Everywhere in America, at around 6pm on a weeknight, you can witness a ritual of complaints punctuated by occasional dramatic moments. These are pubic hearings required when local government makes decisions about which citizens have a right to be informed and to comment. Unless the complainant has a large political following or enough money to spend on a lawsuit, these statements fall on deaf ears. If the city council members  wanted to know what people think, they’d ask.

People who “have a dog in the race” get 2 or 3 minutes to state their case before a quadrennially-elected panel of their peers votes on the matter. How they each will vote is often known before the meeting, when alignments are negotiated between the panel members and a few “connected” citizens that have more than average access. This is called, democracy.

After the vote is taken, those who disagreed wander away celebrating and/or complaining. They may appeal the vote or circulate a petition demanding that the matter be subject to a public ballot. They may raise money and file a lawsuit. Popular issues sometimes lead to protests and a litany of rants that roils social media for a while. These votes often determine livability, affordability and the carbon footprint of a community.

Local government hearings make good copy for local news outlets because of proximity.

Decisions by local boards are also involved in creating and opposing development that dramatically impacts quality of life everywhere. Public administration may be more competent in the United States than Mexico and Camaroon, but people in most places now have lost trust in government. And, though our lives are much more affected by local government decisions than state or federal, fewer people vote in local elections.

Campaigns promote personalities, not solutions. Historically, replacing elected officials produces little change.

$1.7 trillion federal budget and we’re flooded with daily email asking us for money for campaign media, but not about solutions, for personalities, dog whistles and problems far away that we nor our government can act to change.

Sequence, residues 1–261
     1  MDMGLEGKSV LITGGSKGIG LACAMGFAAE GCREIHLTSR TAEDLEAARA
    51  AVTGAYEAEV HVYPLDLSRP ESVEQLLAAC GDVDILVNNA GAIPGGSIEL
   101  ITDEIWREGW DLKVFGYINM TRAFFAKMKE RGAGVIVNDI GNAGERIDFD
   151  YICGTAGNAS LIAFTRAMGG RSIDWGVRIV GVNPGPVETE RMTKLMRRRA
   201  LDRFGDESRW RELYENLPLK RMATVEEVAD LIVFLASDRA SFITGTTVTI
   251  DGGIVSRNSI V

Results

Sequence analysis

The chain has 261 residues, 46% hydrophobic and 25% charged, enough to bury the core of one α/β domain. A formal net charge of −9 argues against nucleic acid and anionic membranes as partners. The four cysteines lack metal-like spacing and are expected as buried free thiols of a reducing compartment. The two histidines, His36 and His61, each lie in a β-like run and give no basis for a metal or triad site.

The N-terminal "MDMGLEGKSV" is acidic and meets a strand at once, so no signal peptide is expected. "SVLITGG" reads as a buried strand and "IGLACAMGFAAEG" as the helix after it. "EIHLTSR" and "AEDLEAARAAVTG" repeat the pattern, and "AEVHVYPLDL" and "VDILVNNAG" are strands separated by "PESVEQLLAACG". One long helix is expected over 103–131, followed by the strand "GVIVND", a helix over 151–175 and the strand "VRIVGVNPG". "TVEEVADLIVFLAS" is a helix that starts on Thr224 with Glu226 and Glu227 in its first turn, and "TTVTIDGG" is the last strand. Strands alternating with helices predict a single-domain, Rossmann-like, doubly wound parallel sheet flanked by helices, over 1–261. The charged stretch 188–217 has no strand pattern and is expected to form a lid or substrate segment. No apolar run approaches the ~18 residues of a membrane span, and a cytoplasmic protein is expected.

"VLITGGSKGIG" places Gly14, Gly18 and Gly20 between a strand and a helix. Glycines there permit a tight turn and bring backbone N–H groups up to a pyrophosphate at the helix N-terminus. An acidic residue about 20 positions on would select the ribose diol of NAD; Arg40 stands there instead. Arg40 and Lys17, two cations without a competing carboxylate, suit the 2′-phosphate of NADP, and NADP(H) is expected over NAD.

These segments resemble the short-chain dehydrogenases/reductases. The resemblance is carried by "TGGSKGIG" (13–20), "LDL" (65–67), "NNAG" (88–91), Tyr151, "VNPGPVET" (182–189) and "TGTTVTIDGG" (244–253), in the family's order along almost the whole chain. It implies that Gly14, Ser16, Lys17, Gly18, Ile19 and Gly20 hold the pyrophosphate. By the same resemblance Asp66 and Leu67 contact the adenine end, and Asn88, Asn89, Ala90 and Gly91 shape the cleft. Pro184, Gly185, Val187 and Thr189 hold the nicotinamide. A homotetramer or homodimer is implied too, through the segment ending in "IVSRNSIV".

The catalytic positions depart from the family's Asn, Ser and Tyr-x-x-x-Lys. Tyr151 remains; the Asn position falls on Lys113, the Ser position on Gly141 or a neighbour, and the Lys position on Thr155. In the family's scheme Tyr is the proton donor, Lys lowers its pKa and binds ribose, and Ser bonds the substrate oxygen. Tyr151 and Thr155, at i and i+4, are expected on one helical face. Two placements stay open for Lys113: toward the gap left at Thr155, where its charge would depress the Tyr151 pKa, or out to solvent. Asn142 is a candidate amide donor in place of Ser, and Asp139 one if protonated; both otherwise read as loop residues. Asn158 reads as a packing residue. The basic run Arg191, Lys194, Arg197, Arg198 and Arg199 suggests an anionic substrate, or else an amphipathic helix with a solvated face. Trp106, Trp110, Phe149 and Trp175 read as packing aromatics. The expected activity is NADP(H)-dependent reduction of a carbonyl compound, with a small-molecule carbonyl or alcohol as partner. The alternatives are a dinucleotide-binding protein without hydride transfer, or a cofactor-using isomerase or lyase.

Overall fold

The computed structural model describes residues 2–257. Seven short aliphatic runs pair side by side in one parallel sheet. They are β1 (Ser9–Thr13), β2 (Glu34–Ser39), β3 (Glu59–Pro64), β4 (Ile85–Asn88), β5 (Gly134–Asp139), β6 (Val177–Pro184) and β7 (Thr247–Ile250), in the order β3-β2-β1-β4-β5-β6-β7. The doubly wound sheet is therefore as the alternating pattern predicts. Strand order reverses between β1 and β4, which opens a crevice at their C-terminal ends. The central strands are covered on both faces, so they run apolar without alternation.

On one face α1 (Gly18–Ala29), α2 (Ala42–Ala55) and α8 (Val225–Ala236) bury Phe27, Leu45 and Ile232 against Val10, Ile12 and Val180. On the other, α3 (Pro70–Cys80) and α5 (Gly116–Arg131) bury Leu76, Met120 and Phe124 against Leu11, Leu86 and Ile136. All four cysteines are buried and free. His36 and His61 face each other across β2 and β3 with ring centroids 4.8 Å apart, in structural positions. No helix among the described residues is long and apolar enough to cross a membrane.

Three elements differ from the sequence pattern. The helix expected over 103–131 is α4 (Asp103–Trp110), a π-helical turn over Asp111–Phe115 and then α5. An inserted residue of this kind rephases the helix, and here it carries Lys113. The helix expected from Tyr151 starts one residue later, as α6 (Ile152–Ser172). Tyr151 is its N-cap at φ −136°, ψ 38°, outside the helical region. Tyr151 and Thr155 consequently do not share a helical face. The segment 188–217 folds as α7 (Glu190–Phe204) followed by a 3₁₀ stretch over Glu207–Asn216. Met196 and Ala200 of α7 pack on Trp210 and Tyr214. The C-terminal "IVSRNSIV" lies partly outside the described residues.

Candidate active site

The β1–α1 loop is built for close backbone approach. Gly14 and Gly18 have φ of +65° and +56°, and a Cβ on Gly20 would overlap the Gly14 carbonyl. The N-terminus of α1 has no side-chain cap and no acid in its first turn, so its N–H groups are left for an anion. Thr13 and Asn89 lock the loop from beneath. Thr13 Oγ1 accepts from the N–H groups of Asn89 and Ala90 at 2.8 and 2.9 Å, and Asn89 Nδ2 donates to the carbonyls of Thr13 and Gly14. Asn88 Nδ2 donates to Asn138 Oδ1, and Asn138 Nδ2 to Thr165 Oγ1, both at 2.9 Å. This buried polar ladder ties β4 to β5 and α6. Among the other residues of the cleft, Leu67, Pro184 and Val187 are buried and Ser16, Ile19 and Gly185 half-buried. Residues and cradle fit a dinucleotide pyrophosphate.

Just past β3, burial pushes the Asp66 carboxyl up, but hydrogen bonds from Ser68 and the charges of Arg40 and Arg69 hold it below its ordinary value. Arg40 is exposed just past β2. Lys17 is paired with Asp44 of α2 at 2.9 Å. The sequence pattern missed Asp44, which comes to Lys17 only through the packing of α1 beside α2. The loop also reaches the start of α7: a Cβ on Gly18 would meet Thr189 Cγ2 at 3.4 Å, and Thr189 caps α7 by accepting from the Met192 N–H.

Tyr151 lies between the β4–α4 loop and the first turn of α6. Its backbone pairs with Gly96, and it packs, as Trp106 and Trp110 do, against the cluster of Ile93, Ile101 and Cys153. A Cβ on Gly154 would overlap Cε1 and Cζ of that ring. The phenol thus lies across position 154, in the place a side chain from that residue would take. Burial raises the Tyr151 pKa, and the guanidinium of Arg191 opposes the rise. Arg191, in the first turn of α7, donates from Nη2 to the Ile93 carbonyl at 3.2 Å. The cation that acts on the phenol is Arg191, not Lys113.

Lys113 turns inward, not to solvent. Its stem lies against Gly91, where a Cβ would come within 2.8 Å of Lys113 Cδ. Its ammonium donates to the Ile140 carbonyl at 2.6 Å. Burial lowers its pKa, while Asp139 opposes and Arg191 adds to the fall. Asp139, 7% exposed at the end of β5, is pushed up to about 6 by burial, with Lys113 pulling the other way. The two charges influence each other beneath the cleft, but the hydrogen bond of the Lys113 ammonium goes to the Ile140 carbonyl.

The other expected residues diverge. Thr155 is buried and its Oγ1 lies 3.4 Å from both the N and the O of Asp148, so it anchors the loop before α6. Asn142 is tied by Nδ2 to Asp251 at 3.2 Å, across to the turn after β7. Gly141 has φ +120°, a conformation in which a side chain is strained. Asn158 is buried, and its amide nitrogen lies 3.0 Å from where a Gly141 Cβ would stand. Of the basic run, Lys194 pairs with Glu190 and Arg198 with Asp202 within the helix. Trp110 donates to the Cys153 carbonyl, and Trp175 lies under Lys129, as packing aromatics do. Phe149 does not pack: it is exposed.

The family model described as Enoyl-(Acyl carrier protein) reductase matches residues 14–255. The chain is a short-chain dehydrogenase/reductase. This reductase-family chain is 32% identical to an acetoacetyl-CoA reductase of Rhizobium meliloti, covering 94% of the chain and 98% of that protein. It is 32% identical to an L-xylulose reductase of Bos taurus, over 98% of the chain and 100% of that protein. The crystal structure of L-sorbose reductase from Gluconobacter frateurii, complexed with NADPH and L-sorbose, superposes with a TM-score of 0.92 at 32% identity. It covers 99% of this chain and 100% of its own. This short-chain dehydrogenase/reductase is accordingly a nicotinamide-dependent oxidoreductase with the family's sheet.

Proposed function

Or so it seems…

As Marshall McLuhan put it, “the medium is the message”. Put another way, “all roads lead to Rome”. What to do?

We created Own Your Government to use AI and cloud technology to expand everyone’s ability to control things that impact their lives, especially existential problems like global warming. We started with three simple propositions:

1) AI and cloud technology can make it possible for more people to have a say in decisions that affect their lives.

2) Organized groups of people have an exponentially greater voice than individuals.

3) Communities are a pre-existingl grouping of people who share some mutual interests in survival. 

Many complaints are global. We decided to build an app that gives anyone that wants to use it, an ability to organize the collective power and resources of their community to influence government and implement solutions.

We called this app, ownyourgov.


In a community, everyone has a shared interest for survival

AI can empower media that accurately informs and gives everyone a voice and a vote

Values, vulnerabilities and local conditions affect all community members

Inclusive consensus reveals common perceptions and shared interests within a community

People in a community are in various ways, interdependent

Interpersonal problems in a community may be resolved in communication

A community platform on cloud technology can be a safe medium for communication

With community cooperation, AI can be trained to mitigate differences

Success of the AI empowered medium depends on acceptance and thus, a rewarding user experience

Own Your Government

Community Cloud Platforms

San Diego, California – Tijuana, Baja California

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